Being an adoptee in Texas means writing "unknown" across medical forms and being misinformed about your ethnicity, says Marci Purcell.
“I have been fearful of dating my half-sibling,” she said Monday during a state Senate committee hearing. “This is the everyday life of the adopted.”
On Monday, the Senate State Affairs Committee considered two bills related to adoption. The first, Senate Bill 329 by state Sen. Brandon Creighton, R-Conroe, would allow adult adoptees in the state to more easily access their birth certificates and medical history. More than 40 people testified on SB 329 during the hearing, with a majority speaking in favor.
Supporters of the bill say it would remove stress and anxiety that often come with adoptees searching for answers about their heritage and medical history. Opponents say it would invade the privacy of biological parents, effectively ending “closed adoption,” which conceals identifying information of the biological parents, in the state.
Under current state law, adoption records are confidential, but an adopted person, once 18 years old, can request a judge to grant a court order opening the sealed file. Under Creighton’s bill, a court order would no longer be required for an adopted adult to access their birth records, including a birth certificate.
“It’s beyond the scope and ability of the average Texas citizen with the nature of the court process — it’s daunting, expensive and doesn’t guarantee any success,” Creighton said.
SB 329 would also create a form biological parents could fill out to indicate if they wished to be contacted by the child in the future. The form would be attached to the child’s birth certificate, so if a child ever sought their birth records, they would know their biological parent’s wishes.
He said adoptees, once adults, need access to important medical history — information that could affect their lives and their children's.
Pushing back against Creighton’s proposal, state Sen. Donna Campbell, R-New Braunfels, an adoptive mother herself, said his measure sought “to use a sledgehammer trying to get information out there” by taking away privacy rights of biological parents.
“It’s not about protecting one person’s right,” Campbell said. “We need to see how we can protect the rights of people.”
John Greytok, an adult adoptee who testified against SB 329, echoed Campbell’s thoughts and added retrieving a birth certificate doesn't automatically mean access to health history. “This bill is 2 percent policy and 98 percent unintended consequences,” Greytok said. “What are we trying to fix with this bill? Texas adoption law can be improved, but SB 329 isn’t the way to do it.”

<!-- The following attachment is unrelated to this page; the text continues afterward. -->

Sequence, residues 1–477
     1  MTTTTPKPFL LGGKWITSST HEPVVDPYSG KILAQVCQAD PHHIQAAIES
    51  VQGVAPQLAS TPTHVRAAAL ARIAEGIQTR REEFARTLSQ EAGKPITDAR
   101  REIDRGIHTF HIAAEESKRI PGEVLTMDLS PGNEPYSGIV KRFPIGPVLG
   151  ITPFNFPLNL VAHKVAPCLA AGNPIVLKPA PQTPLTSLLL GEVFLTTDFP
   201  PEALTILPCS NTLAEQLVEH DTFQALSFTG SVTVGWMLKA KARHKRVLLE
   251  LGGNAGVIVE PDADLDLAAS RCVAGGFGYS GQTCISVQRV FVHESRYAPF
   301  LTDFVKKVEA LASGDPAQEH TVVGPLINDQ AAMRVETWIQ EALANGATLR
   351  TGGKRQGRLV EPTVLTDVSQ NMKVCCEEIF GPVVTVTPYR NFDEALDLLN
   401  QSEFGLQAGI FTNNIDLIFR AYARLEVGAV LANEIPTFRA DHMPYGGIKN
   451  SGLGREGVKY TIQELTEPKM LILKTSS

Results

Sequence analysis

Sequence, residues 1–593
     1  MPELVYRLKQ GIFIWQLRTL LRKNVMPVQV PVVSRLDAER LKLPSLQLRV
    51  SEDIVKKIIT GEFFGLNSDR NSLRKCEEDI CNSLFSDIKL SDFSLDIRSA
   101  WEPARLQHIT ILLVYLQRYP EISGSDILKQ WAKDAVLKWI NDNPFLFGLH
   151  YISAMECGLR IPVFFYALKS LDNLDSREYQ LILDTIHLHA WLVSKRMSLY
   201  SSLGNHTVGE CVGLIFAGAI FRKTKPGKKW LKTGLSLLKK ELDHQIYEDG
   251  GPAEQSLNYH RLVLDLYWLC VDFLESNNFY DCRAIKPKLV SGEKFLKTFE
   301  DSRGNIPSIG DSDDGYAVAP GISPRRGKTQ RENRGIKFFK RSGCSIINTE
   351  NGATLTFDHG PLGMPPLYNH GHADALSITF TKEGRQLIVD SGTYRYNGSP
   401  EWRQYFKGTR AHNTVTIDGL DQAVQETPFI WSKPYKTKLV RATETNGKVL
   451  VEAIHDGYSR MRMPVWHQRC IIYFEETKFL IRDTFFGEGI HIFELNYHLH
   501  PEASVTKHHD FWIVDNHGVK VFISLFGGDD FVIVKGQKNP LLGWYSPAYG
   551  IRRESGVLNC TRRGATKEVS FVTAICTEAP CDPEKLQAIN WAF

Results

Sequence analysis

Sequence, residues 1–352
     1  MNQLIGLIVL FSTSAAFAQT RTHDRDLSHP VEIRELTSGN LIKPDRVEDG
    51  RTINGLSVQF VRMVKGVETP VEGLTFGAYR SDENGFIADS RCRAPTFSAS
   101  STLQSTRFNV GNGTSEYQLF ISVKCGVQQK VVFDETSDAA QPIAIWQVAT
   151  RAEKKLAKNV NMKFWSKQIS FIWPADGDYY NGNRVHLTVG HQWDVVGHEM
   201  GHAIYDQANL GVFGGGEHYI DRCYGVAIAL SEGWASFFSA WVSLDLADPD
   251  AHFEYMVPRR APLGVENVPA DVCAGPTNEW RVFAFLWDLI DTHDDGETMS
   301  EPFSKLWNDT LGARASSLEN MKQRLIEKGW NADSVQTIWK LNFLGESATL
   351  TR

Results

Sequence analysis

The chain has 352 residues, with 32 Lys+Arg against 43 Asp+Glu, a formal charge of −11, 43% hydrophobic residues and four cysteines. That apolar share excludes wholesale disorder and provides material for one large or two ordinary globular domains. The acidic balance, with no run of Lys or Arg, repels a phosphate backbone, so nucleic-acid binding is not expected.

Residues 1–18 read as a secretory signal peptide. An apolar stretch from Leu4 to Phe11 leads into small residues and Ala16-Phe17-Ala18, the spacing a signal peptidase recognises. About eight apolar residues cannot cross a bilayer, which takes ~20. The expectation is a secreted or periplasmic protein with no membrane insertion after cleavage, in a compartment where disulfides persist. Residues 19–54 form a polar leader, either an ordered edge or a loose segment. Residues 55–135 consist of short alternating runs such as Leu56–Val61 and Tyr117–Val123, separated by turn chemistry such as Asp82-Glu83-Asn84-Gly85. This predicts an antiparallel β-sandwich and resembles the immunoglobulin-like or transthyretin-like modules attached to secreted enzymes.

Campbell filed her own legislation that was also considered in committee Monday. SB 1362 would direct the Texas Vital Statistics Unit, a state entity maintaining all vital record data for Texans, to notify involved adoptive and biological parents registered in the Central Adoption Registry about future contact.
The registry, a division of the Vital Statistics Unit that aims to reunite adult adoptees with their biological parents, currently releases information or names after both the registered birth parents on the list and the child complete a one-hour counseling session ahead of their reunion.
Campbell said the registry’s current participation rate seemed low, adding she thought it was because parents who had given up their child for adoption didn’t know about it.
I’m trying to maintain the privacy of those biological parents, but we still want to be able to have a mutual consent if they do want to be known,” said Campbell, adding her bill bill would educate biological parents about the registry while also aiming to “promote and encourage mutual decisions by all parties involved.”
Lisa Johnson, a birth mom testifying against SB 1362, said the bill did not attempt to fix the adoption process or registry in Texas.
“This bill is like a Band-Aid for a three-year-old,” Johnson said. “We are adults — we don’t need a Band-Aid to make us feel better. I do not need to be protected by a broken registry or by a law that does not fix the process.”
Both SB 1362 and SB 329 have bipartisan support in the Senate, and the latter has a similar counterpart in the House.
Both measures were left pending in committee Monday evening.
Correction: A previous version of this story misspelled Marci Purcell's name.